SIRUI Carbon Fiber T-025X review by Zach Louw

Hello Internet,

At 2am in late October I found myself at the police station reporting the theft of all my photographic equipment in Noordhoek. Some of my equipment was insured and some not – including my tripod. I had planned a photographic centered trip to Vietnam and through the eastern corridor of Sub -Saharan Africa from mid-November to February, and was trying to get my gear back in time for my departure. I managed to get most of it back, bar my tripod, and this is where the awesome people from SunshineCo put on their red capes and lent me their Carbon Fiber T-025X Sirui tripod to take with me.

Most travel photographers are looking to streamline their gear and want a tripod that is light, stable and won’t break the bank. Sirui’s carbon fiber T-025X is exactly that. The first thing you’ll notice about the tripod is its size – at 300mm, weighing in at only 800 grams, it’s so small and light that It became a permanent fixture on my camera bag.


Apart from the weight advantages, carbon fiber tripods have the added benefits of handling vibrations better, ensuring less camera shake during long exposures. The 8 layers of carbon fiber don’t react as dramatically as aluminum tripods to temperature changes, so you won’t find your tripod untouchable after leaving it in the sun, nor the snow.


Functionally, the tripod has a twist lock mechanism to release the 5 carbon fiber leg sections. Each leg joint has a ribbed rubber twist-lock mechanism that provides a secure, non slip surface to lock each leg. This lock mechanism can take some time to get used to, but once mastered, it’s the quickest way to securely set up your tripod.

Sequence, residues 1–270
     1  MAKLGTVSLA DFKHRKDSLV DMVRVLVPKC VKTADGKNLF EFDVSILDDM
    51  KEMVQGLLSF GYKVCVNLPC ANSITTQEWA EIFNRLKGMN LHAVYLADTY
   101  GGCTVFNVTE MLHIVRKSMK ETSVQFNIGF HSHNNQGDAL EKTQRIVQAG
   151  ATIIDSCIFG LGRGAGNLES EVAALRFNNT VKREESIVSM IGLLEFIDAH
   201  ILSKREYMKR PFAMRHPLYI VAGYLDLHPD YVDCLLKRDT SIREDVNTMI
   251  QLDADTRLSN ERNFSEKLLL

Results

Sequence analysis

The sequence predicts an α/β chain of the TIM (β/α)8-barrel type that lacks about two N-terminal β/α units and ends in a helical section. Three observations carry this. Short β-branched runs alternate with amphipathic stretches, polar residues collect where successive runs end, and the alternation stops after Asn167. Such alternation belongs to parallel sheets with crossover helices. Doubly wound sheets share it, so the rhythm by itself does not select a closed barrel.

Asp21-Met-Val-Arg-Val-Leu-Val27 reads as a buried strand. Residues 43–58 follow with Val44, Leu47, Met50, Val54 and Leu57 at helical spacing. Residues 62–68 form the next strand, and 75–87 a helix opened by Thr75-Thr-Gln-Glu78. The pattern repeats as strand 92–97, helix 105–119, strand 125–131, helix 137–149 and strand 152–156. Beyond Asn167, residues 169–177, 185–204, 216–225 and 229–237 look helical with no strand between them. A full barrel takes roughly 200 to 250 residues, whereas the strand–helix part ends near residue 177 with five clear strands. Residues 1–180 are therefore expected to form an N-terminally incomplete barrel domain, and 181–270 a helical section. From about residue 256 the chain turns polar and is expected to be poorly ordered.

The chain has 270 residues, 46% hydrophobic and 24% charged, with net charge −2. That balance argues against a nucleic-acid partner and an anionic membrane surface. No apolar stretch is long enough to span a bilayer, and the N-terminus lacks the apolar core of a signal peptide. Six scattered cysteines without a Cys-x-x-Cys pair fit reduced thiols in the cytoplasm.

Each leg of the tripod is attached to the central column and undergoes three distinct locking positions at roughly 105, 130 and 190 degrees as it unfolds. When each leg is set to 105 degrees, the camera is roughly 40cm above the ground, making it the perfect for steady low angle shots. On the otherside of the spectrum, when each leg is set to 190 degrees, it reaches a maximum height of 1130mm with the centre column retracted and 1305mm when extended. It also comes packaged with a carry sack and a pair of allen keys, plus two of the legs have foam sheaths for use in cold weather.


The ball head is great, weights 180g and will support 4kg. This is perfect for small DSLR’s and compacts. The solid anodised aluminum C-10 ball head has three adjustment knobs to position your camera. The first controls the rotation of the head. Second, controls the tension that locks the ball head in place and the last knob secures the base plate onto the tripod head. The only downside to the tripod head is the lack of a bubble level. I used my in-camera bubble meter as a work around.


Asides from the technical abilities of the tripod, it’s also been expertly finished with shiny black aluminum parts, foam leg warmers, rubber grips and 8 layered carbon fiber legs. It’s a sexy piece of equipment.

What I liked about the tripod

  • Solid rubberized carbon fiber twist leg locks.
  • The compact ball head is easy to operate and secure.
  • The tripod is small and light.
  • Great to get low angles

What I didn’t like about the tripod

  • No bubble meter.
  • It is a little shorter than I would have liked at full extension.

Zach Louw.